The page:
Different types of capitalists, however, make different demands on the state. Industrial landholders reject environmentally strenuous zoning that restricts the location of their operations in the city; real estate capitalists would welcome such regulations because pollution diminishes their property values. Industrial capitalists might demand affordable housing for their workforce in order to stave off demands for raises; real estate capitalists would object to any constraint on their ability to maximize rental or sale profits.

—p.30 The Rise of the Real Estate State (13) missing author 1 year, 8 months ago

Different types of capitalists, however, make different demands on the state. Industrial landholders reject environmentally strenuous zoning that restricts the location of their operations in the city; real estate capitalists would welcome such regulations because pollution diminishes their property values. Industrial capitalists might demand affordable housing for their workforce in order to stave off demands for raises; real estate capitalists would object to any constraint on their ability to maximize rental or sale profits.

—p.30 The Rise of the Real Estate State (13) missing author 1 year, 8 months ago
33

Even though manufacturing capital is less of a force in US urban politics than in the past, the industrial sector has certainly not disappeared. The world is more industrialized than ever, and the United States still produces plenty of goods. In fact, manufacturing remains the most important sector of the US economy in terms of total output.73 What has happened is a major geographical reorganization in production and distribution. Over the past seventy-five years, the United States has gone through three major industrial shifts: a movement of parts and assembly plants from older northern cities to newer southern cities and rural areas from roughly 1947 to 1973; a deeper set of national and international production relocations from 1973 through the 1980s and 1990s; and finally, in the 1990s and 2000s, an expansion of logistics clusters that coordinate the flow of goods into and out of population centers around the country.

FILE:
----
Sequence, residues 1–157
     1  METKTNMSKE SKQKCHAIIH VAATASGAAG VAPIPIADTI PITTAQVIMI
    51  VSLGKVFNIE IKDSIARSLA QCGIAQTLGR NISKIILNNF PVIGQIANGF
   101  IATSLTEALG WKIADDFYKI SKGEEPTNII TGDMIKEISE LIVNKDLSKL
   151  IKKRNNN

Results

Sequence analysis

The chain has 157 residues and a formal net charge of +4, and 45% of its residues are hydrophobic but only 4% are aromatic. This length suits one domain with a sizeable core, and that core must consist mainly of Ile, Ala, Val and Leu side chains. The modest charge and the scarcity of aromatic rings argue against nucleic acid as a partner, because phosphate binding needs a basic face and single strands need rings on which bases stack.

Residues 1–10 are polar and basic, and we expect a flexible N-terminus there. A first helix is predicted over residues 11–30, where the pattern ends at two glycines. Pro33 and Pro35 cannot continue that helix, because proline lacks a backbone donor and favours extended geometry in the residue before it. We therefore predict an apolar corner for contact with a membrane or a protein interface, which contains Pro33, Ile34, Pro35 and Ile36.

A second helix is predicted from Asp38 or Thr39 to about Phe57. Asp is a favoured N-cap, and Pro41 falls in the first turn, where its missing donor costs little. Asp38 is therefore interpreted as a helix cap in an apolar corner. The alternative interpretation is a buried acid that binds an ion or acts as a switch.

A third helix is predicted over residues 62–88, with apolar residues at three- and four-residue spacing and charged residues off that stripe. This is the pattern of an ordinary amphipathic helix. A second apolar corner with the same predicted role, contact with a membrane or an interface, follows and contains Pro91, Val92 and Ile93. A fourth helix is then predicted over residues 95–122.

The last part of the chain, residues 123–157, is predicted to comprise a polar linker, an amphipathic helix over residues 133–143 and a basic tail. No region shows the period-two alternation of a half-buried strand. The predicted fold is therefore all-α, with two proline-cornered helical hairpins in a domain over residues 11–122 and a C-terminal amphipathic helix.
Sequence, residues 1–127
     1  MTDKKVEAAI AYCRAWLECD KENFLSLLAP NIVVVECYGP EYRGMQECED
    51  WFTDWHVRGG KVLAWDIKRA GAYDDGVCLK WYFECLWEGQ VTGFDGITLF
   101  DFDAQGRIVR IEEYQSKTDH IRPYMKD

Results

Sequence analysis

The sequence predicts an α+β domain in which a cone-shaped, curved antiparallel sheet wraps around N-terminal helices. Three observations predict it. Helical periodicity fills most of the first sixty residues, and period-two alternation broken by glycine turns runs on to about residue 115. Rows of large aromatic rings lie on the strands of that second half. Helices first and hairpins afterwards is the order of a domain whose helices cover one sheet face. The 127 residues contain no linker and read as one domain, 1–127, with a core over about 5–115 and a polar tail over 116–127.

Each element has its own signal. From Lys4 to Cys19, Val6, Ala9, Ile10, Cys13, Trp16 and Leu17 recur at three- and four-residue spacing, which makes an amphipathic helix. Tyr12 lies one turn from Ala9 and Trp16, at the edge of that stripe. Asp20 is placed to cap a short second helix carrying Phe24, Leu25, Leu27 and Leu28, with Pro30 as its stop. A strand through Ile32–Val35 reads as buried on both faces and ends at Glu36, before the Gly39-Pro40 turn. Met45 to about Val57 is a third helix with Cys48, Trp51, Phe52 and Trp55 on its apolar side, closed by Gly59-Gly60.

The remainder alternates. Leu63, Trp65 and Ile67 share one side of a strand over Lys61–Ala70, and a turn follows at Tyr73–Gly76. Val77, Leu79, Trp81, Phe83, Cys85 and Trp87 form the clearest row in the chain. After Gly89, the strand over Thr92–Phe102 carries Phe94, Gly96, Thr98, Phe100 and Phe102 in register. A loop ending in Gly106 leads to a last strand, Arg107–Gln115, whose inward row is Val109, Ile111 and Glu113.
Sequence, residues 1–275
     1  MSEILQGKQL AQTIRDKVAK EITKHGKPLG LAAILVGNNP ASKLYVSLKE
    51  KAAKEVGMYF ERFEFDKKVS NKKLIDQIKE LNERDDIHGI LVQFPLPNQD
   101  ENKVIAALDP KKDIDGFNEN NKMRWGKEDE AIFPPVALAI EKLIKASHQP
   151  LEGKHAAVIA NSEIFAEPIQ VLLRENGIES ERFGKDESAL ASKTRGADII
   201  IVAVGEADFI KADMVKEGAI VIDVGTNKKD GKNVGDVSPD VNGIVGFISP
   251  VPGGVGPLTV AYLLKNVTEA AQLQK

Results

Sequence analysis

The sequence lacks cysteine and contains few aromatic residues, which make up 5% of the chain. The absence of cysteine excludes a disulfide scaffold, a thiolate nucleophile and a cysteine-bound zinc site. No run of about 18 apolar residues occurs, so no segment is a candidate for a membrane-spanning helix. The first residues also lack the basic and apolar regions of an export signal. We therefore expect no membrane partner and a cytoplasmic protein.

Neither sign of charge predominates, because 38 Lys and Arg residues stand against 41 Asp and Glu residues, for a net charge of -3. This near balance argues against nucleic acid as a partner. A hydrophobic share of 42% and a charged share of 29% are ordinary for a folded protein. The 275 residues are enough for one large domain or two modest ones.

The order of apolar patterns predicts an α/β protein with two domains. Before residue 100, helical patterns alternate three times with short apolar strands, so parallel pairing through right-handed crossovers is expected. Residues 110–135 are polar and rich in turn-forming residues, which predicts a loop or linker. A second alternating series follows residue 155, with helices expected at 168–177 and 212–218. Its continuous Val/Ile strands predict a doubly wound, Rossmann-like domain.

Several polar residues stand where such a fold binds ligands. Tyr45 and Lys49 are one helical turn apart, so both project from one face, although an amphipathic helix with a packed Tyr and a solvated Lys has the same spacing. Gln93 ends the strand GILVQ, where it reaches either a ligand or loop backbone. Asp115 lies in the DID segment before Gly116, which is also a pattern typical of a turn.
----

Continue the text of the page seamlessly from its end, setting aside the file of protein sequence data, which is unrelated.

As a result of these relocations, much of the United States’ industrial activity today takes place outside the big cities: giant food processing plants in exurban areas; energy extraction centers on Appalachian mountaintops and Gulf coast outposts; and, most importantly for big cities, growing import/export processing zones in major metropolitan areas.75 These distribution hubs employ enormous numbers of workers but, because of their demand for fast access out of central city traffic, their sprawling size, and the high cost and regulation of central city land, they tend to be located outside the political boundaries of the main cities they serve.76 Crucially, this means they make fewer land- and housing-based demands of city planners in places like New York, Los Angeles and Chicago than centrally located urban factory owners would. When these logistics clusters are located inside the political boundaries of major cities—like New York’s Hunts Point Market and JFK Airport—they often operate on public land, meaning the companies that depend on them are not particularly bothered by the cost of urban land and housing (particularly if they assume their workers will live in cheaper suburbs or exurbs). In fact, since publicly operated logistics clusters are largely financed through municipal bonds, city governments may see inducing gentrification—something bond buyers generally interpret as a sign of urban health and future wealth—as key to financing this increasingly important form of urban industry.

—p.33 The Rise of the Real Estate State (13) missing author 1 year, 8 months ago